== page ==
Why Are Oversized Islands a Thing?

As Americans' obsession with massive kitchens grows, so too do their islands. But how big is too big?

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Justin Coit

Last month, AD ran a story on Jessica Alba and Cash Warren's dreamy Beverly Hills home. Like many readers, we were enchanted. That marble fireplace! Those French doors! The home, overall, is a cozy-but-elegant family oasis. But there was one aspect of it that caused a ruckus in the CQ Slack room: the kitchen island.

It all started when one editor posted a shot of the family gathered in their kitchen, wondering "what's wrong with this picture?" At first glance, not much: There's a swoon-worthy La Cornue range, an elegant light fixture, and a blooming bunch of peonies placed in the center of...a massive kitchen island. Like, placed 4 feet from any edge.

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"HOW do you clean the center?" one HB staffer wondered. "You have to get your Swiffer up there," ventured another. Plus, someone pointed out, "you have to slide those flowers out of there like you're playing shuffleboard."

Indeed, the American obsession with a large kitchen island (a surefire fixture of the dreaded open plan kitchen) seems to have reached a comical extreme. What, exactly, is the point of a 9-foot by 9-foot, square kitchen island, other than to take up space in an obscenely large house? Standard appliances are only about 2-3 feet deep, so even if the entire marble-topped fortress is tricked out with dishwashers, you've got at least 3 feet to kill in the center. Ring the entire thing in barstools and your family still won't be able to reach a platter of food in the center—that is, if you can get it there in the first place.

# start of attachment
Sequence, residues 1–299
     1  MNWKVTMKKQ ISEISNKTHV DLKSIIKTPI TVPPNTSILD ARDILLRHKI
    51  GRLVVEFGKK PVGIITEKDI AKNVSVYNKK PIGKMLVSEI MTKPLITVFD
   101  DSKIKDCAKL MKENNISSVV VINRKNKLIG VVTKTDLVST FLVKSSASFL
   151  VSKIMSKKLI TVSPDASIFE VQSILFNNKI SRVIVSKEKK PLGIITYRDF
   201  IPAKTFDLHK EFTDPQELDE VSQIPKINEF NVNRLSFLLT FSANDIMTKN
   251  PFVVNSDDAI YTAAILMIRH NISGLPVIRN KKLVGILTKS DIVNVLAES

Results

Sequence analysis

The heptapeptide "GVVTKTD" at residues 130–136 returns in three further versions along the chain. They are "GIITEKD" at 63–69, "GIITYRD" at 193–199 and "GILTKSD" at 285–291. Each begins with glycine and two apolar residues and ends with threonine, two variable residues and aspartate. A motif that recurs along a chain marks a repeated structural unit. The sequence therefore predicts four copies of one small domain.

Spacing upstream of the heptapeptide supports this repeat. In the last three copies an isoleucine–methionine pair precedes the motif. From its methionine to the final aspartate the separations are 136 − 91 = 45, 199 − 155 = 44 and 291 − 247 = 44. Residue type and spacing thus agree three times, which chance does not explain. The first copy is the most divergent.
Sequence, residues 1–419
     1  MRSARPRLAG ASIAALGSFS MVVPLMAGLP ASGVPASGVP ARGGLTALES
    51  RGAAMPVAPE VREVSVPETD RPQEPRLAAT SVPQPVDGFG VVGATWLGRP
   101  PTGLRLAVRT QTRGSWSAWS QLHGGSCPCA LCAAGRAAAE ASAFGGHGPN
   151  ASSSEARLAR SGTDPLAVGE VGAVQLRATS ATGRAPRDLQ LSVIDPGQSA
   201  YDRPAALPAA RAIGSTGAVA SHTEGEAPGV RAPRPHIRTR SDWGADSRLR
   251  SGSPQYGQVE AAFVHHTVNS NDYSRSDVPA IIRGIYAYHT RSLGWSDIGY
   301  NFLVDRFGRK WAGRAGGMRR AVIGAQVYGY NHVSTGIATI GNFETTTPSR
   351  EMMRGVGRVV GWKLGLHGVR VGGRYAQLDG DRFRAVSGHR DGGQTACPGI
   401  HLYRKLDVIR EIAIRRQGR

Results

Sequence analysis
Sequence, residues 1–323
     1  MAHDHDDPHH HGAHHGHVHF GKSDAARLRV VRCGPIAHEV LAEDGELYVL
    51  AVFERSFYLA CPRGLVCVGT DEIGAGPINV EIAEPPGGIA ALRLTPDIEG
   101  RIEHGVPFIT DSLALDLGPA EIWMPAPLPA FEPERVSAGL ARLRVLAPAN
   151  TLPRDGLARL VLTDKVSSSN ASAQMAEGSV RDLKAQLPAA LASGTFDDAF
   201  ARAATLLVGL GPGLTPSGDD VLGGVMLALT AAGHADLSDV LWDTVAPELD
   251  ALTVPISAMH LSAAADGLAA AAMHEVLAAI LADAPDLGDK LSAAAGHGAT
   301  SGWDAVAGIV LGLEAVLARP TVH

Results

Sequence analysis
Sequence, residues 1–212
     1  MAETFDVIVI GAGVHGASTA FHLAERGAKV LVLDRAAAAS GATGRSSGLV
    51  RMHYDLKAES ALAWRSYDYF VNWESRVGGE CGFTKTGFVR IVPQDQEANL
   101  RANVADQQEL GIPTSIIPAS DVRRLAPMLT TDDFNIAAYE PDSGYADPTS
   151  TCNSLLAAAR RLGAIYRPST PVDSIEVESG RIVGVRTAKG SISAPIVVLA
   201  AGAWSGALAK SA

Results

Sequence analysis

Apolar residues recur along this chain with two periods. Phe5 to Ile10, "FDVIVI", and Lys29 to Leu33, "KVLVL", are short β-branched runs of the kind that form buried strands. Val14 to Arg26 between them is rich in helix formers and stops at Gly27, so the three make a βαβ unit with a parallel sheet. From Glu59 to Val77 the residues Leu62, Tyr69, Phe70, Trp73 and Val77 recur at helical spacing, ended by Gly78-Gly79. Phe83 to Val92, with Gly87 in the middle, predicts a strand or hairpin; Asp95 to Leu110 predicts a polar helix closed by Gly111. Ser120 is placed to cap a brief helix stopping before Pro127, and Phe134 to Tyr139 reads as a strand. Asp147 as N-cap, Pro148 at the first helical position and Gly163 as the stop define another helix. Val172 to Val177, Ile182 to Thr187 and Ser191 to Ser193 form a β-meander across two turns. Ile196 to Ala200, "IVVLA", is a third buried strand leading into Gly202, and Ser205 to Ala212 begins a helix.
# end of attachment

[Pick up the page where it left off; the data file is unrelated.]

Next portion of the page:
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A perfectly good kitchen island (see more here).
Lisa Romerin

One anonymous CQ-featured celebrity homeowner admitted that she had a love-hate relationship with her massive island, and for good reason—she had to climb on top of it to water the plants in its center.

Our heated Slack discussion reached new levels when one editor pointed out a kitchen featured on Fixer Upper, in which the beloved Joanna Gaines used to create an island roughly the size of Antarctica.

Perhaps the scale in the center of this one is meant to suggest some sort of function, though short of tossing your dough like a frisbee onto it and sending your toddler to retrieve it (a suggestion to which one colleague offered this delightful commentary: "Dearest Mother, It has been 3 days since you sent me to the middle of the island to retrieve your dough…."), it's unclear how one would actually use the device.

I think my fellow editor, riffing on this one's railroad connection, summed it up perfectly: "Conductor, when can I get off this train?"

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